Church of Saint Anne, Jerusalem
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|Church of Saint Anne|
Hebrew: כנסיית סנטה אנה
Latin: Ecclesia S. Anna
|Location||Old City of Jerusalem|
The Church of Saint Anne (Hebrew: כנסיית סנטה אנה; Latin: Ecclesia S. Anna) is a Roman Catholic church, located at the start of the Via Dolorosa, near the Lions' Gate and churches of the Flagellation and Condemnation, in the Muslim Quarter of the Old City of Jerusalem. The austere stone interior and extraordinary acoustics make it a fine example of medieval architecture.
History of the site
A Byzantine basilica was built over the remains of the shrine in the 5th century. Partially destroyed by the Persians in 614, it was subsequently restored. Baldwin I, the first titled Crusader king of Jerusalem, banished his wife Arda to the old Benedictine convent which still existed here in 1104. A small Crusader church, the so-called Moustier, was then erected over an extension of the northern Pool of Bethesda.
The actual Church of St Anne followed sometime between 1131 and 1138, during the reign of Queen Melisende. It was erected near the remains of the Byzantine basilica, over the site of a grotto believed by the Crusaders to be the childhood home of the Virgin Mary, mother of Jesus. It is dedicated to Anna and Joachim, the parents of Saint Mary, who according to tradition lived here.
Unlike many other Crusader churches, St. Anne's was not destroyed after Ṣalāḥ ad-Dīn's 1187 conquest of Jerusalem. In 1192 Ṣalāḥ ad-Dīn, known in the West as Saladin, converted the building into a madrasa (Islamic educational institution), known as al-Madrasa as-Salahiyya (of Saladin), as is still written in the Arabic inscription above the entrance. In the 15th century it was considered as the most prestigious college in the city, counting among its more prominent students the Islamic jurist and city historian Mujir al-Din (1456–1522).
During the renewed Muslim rule of Palestine, Christian pilgrims were only permitted inside the grotto after paying a fee. Eventually the madrasa was abandoned and the former church building fell into disrepair. In 1856, in gratitude for French support during the Crimean War, the Ottoman Sultan Abdülmecid I presented it to Napoleon III. It was subsequently restored, but the majority of what remains today is original. Currently St. Anne's belongs to the French government and is administered by the Missionaries of Africa, commonly called "The White Fathers", for the colour of their robes.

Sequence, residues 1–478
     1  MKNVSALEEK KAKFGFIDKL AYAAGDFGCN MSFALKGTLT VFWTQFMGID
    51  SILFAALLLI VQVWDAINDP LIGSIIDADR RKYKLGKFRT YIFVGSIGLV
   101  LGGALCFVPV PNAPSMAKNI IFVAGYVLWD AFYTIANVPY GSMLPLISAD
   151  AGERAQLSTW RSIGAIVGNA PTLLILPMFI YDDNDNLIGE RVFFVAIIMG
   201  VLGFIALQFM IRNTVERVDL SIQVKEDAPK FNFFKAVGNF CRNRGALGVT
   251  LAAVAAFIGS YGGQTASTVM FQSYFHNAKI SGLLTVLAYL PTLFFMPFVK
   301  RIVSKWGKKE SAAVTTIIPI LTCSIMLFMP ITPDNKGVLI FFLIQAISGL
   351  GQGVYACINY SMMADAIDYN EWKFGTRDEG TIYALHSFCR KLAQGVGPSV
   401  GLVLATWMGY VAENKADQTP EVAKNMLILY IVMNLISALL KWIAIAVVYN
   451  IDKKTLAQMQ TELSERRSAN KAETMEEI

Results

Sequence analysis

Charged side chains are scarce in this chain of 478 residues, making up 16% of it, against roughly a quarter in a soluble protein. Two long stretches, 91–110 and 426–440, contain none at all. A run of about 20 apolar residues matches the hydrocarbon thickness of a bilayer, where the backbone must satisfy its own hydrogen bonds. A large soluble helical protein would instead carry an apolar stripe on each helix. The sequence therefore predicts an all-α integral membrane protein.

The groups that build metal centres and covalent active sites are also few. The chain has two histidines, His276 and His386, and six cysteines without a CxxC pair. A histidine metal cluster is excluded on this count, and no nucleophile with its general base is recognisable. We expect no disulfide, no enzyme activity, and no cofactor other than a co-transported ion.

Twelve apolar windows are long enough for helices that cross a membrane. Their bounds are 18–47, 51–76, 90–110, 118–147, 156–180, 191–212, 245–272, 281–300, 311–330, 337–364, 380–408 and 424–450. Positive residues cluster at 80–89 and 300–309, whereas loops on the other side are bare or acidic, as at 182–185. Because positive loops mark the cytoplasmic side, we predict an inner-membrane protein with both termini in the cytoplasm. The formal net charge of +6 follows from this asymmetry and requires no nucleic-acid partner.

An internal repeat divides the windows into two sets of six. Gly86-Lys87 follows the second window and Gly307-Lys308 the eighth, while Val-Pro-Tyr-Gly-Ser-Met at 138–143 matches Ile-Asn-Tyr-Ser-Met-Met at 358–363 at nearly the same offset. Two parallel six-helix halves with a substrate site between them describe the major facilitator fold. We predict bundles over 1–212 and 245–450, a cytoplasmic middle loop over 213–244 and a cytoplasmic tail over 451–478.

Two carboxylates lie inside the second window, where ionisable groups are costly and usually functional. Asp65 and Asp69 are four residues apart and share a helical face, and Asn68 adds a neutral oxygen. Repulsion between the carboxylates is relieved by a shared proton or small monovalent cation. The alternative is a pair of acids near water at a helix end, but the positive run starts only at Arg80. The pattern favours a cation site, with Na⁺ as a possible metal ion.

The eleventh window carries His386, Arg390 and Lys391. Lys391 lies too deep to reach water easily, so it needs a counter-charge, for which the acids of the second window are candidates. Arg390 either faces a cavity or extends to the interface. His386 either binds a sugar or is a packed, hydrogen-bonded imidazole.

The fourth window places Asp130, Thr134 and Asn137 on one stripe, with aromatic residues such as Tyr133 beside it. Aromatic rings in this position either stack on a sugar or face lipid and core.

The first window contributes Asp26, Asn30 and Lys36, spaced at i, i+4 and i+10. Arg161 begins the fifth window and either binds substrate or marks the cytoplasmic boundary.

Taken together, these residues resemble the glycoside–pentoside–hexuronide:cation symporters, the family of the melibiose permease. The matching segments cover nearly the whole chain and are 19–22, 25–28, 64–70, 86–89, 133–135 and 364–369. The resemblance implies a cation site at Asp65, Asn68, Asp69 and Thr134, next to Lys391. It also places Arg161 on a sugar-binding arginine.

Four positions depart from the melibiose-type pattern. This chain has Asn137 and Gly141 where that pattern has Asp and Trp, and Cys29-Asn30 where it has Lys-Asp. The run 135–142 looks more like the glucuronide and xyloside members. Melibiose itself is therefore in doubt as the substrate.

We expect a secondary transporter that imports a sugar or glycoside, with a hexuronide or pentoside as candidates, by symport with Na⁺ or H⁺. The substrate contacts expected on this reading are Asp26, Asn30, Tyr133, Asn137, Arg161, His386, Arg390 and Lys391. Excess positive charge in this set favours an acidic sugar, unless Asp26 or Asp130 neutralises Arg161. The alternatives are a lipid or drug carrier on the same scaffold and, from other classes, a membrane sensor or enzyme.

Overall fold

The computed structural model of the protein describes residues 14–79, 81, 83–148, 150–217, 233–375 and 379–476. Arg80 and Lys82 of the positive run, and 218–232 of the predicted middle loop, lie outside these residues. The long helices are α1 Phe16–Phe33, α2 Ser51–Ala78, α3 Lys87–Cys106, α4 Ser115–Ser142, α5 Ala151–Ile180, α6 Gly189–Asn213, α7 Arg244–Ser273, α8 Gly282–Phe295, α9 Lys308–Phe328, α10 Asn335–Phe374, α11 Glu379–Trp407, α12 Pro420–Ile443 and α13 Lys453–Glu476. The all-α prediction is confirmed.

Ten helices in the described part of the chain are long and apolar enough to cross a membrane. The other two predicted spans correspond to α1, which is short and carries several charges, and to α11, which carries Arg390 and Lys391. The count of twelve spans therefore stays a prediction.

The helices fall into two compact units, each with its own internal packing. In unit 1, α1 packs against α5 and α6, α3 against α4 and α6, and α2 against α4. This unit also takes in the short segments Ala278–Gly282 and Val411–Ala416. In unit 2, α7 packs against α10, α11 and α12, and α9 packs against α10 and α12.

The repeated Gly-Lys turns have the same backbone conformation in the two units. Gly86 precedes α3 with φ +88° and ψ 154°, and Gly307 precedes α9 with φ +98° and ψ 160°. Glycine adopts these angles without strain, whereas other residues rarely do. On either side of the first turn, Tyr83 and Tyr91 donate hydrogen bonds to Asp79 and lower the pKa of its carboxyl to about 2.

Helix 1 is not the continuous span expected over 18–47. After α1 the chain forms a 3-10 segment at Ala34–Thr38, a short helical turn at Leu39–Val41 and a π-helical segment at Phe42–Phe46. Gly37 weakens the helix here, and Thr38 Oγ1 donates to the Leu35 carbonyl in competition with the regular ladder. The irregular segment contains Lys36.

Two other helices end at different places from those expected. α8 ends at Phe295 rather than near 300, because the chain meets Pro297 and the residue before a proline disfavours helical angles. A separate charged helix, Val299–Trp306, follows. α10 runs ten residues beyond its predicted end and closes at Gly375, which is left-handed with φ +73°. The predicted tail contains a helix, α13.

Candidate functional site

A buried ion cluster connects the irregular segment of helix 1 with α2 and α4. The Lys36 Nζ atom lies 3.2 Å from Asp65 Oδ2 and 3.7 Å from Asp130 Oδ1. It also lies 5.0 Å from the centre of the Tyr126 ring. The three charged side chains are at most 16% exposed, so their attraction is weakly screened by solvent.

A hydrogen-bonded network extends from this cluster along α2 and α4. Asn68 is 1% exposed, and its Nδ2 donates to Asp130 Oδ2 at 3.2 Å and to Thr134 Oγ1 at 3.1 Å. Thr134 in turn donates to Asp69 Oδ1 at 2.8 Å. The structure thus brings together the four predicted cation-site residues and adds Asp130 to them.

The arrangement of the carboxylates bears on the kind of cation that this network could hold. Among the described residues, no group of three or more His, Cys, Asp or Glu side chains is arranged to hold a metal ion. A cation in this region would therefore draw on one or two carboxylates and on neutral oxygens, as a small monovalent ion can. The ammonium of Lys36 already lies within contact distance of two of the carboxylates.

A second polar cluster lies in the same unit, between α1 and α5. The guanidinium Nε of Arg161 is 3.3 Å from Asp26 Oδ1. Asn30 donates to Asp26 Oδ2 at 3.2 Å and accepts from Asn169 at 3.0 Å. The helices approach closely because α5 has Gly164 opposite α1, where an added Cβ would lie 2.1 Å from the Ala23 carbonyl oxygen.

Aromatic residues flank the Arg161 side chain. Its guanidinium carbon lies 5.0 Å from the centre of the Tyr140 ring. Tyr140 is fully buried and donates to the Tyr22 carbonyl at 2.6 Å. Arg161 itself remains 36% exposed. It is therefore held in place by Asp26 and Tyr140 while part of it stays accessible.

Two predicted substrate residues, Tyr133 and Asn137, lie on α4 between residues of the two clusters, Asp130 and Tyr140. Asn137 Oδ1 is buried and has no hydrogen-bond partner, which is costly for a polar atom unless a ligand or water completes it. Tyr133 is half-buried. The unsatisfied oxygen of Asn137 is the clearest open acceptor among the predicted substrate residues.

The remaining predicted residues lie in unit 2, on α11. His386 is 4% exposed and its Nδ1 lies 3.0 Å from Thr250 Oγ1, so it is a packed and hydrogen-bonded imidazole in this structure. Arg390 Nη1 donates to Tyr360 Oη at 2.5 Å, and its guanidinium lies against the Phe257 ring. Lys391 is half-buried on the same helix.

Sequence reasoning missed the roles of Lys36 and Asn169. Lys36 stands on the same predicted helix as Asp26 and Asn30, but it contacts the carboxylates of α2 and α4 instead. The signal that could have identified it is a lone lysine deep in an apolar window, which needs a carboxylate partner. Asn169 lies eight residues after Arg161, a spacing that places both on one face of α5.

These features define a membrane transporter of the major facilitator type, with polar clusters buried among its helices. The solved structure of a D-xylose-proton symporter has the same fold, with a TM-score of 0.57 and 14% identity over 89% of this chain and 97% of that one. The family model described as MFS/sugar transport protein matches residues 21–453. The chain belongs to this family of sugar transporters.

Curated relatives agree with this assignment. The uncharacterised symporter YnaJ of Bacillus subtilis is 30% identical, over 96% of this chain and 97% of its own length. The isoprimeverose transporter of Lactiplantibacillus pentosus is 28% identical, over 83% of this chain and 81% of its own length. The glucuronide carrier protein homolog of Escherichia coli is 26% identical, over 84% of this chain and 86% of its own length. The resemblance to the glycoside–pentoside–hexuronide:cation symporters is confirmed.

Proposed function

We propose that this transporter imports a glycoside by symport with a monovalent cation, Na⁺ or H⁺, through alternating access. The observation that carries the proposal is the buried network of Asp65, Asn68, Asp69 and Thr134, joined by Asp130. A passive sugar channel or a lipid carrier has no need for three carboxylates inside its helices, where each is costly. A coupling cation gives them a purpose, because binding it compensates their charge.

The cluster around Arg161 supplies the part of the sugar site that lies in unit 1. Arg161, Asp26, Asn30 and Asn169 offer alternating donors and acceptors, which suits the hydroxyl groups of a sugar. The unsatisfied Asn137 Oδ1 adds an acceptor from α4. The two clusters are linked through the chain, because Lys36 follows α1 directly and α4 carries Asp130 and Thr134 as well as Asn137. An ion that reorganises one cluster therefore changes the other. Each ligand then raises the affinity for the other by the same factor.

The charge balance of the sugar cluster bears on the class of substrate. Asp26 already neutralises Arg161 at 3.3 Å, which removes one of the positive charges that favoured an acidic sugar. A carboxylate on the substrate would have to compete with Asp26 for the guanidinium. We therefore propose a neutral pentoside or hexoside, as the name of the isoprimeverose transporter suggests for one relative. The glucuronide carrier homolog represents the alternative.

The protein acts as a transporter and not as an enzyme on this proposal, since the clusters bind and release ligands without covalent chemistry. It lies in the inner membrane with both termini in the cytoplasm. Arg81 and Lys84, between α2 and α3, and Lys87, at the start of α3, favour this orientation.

Design and construction
Built between 1131 and 1138 to replace a previous Byzantine church, and shortly thereafter enlarged by several meters, the church is an excellent example of Romanesque architecture. The three-aisled basilica incorporates cross-vaulted ceilings and pillars, clear clean lines and a somewhat unadorned interior. The nave is separated from the lower lateral aisles by arcades of arches. The high altar, designed by the French sculptor Philippe Kaeppelin incorporates many different scenes. On the front of the altar are depicted the Nativity (left), the Descent from the Cross (center) and the Annunciation (right); on the left-hand end is the teaching of Mary by her mother, on the right-hand end her presentation in the Temple. In the south aisle is a flight of steps leading down to the crypt, in a grotto believed by the Crusaders to be Mary's birthplace. An altar dedicated to Mary is located there. The Byzantine basilica was partly stretched over two water basins, collectively known as the Pools of Bethesda, and built upon a series of piers, one of which still stands today in its entirety.
The church possesses amazing acoustics perfect for Gregorian chant, with sounds moving across the open space and up from the grotto. This makes the church a pilgrimage site for soloists and choirs.
- Murphy-O'Connor, Jerome (28 February 2008). The Holy Land: An Oxford Archaeological Guide from Earliest Times to 1700. OUP Oxford. pp. 29–31. ISBN 9780191528675.
- Buholzer, Joe; Macleod, Donald. "The White Fathers' Community at St. Anne's, Jerusalem". The Missionaries of Africa. Archived from the original on 4 October 2017. Retrieved 30 April 2018.
- Yudin, Joe (17 November 2011). "Off the Beaten Track: The Church of St. Anne". Jerusalem Post. Jpost Inc. Retrieved 30 April 2018.
- Rogoff, Mike (12 August 2013). "Tourist Tip #310 / The Church of St. Anne". Haaretz. Retrieved 29 April 2018.
- "Church of St. Anne". Faith ND. University of Notre Dame. Retrieved 29 April 2018.